Gov. Ron DeSantis has signed a bill into law that is expected to speed up the arrival of fully autonomous vehicles in Florida.
The governor’s office said Thursday that CS/HB 311 will establish a statewide statutory framework "as we transition to a shared, electric and driverless future."
“I would like to thank the bill sponsors, Senator Jeff Brandes and Representative Jason Fischer, for their work in making Florida the most autonomous vehicle-friendly state in the country,” DeSantis said in an email to WJCT News.
Fischer, who represents Jacksonville, said, “This bill on self-driving cars will usher in a new era of smart cities that will not only expand our economy but increase road safety and decrease traffic congestion.”
In Jacksonville, the smart city idea is about to move beyond the visioning phase. The city and the Jacksonville Transportation Authority were recently awarded $25 million in federal grant money for JTA’s autonomous vehicles plan along with a plan to turn Bay Street into a "smart corridor."
Called the BayJax Innovation Corridor, it will eventually feature autonomous electric vehicles, new security features, software and perhaps even solar sidewalks.
JTA is applauding the legislation. “We believe any measure that encourages innovation and provides easier and greater access to newer and safer technologies, such as autonomous vehicles, is good for our riders, our communities, and our economy,” said JTA spokesman David Cawton.
JTA recently hired former Amazon executive Bernard Schmidt as JTA’s vice president of automation.
The transit agency is testing autonomous "urban circulators," which are self-driving electric people movers, from a variety of vendors with the goal of replacing and expanding the existing Skyway monorail system.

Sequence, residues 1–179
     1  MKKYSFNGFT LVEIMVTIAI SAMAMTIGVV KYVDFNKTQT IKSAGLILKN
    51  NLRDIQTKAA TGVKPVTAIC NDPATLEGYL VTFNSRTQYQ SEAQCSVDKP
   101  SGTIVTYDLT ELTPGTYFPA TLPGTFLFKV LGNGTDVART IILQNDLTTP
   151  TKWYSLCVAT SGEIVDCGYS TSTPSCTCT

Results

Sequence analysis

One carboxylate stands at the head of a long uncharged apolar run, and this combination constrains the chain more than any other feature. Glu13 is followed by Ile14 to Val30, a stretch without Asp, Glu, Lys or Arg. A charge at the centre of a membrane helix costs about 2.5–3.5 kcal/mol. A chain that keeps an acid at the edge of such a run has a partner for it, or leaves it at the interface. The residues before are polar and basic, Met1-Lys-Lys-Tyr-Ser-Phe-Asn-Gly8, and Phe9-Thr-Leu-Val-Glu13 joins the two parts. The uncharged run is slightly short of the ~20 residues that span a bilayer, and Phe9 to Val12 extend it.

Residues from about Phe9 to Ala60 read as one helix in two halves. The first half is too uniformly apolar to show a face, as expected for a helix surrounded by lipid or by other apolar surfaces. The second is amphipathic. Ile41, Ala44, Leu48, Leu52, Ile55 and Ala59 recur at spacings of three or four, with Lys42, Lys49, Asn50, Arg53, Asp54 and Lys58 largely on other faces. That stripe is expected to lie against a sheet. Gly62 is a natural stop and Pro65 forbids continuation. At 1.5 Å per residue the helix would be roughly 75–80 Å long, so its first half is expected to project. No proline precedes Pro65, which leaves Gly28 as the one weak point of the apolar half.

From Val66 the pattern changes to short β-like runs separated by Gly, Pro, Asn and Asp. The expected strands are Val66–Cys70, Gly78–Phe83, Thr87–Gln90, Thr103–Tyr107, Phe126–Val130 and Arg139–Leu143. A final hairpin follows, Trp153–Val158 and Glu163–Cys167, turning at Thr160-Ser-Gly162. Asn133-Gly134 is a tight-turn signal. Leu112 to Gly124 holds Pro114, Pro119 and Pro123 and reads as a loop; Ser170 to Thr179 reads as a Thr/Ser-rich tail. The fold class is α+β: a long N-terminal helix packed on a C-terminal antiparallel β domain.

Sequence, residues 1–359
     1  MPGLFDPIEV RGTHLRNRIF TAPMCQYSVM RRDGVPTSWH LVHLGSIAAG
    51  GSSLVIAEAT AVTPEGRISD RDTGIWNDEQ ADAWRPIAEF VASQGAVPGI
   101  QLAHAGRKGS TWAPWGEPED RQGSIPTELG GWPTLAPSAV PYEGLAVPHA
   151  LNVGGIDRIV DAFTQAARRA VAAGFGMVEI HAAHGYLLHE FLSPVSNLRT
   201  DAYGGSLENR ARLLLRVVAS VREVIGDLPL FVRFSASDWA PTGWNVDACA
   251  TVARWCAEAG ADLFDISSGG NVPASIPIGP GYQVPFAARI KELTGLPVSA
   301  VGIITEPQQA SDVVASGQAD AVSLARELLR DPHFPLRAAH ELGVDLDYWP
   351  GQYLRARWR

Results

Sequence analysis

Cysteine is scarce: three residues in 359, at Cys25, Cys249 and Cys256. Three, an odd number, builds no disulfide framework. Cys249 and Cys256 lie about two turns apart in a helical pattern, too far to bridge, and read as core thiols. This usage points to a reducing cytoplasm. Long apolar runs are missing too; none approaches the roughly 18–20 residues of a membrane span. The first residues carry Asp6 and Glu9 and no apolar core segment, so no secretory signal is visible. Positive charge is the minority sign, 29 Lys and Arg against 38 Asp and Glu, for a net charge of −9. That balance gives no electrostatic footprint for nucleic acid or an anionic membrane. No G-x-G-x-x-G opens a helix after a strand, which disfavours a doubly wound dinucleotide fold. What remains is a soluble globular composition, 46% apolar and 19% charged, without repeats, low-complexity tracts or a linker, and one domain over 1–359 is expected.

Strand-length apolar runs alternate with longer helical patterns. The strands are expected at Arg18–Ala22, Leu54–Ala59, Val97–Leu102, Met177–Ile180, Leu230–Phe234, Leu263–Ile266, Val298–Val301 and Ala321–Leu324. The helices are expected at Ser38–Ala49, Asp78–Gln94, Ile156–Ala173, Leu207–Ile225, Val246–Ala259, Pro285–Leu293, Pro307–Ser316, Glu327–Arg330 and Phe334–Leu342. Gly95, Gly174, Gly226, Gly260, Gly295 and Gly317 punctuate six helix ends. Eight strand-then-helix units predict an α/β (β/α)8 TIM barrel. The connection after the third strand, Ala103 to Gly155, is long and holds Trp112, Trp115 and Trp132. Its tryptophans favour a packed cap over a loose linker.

The Skyway’s elevated tracks will be retrofitted to accommodate the new autonomous electric vehicles, which will be able to run at ground level onto Bay Street and other areas of the urban core.
“Autonomous vehicles are the way of the future, and Florida is leading the charge through the research, testing and development of autonomous vehicles. And now with this bill signed into law by Governor DeSantis, Florida is ready to lead the nation with this innovative transportation advancement,” said Florida Department of Transportation Secretary Kevin Thibault.
DeSantis signed the bill at the SunTrax autonomous vehicle research and testing facility in Polk County.
SunTrax, a partnership betweeen FDOT and the Florida Turnpike Enterprise, has completed an autonomous vehicle test track. It will be the only high-speed autonomous vehicle testing facility in the Southeast, according to the governor’s office.
There are five levels of autonomous vehicles, as defined by the Society of Automotive Engineers. Cadillac’s Super Cruise and Telsa’s Autopilot are examples of Level 2 autonomous vehicles. They can steer, accelerate and brake in certain highway situations but drivers are still required to remain alert and be ready to intervene.
Automakers and other transportation companies and agencies are pursuing Level 5 autonomy, which requires no human interaction.
Tesla CEO Elon Musk has predicted his electric car company will produce its first fully self-driving vehicles next year as part of a plan to create a network of robotic taxis.
“I think it's basically financially insane to buy anything except an electric car that is upgradable to autonomy ... It's long term resale value will be less & less ... It's like riding a horse using a flip phone.”—@elonmusk $TSLA #EV pic.twitter.com/zNqhrW5oua
— Tesla New York (@TeslaNY) June 13, 2019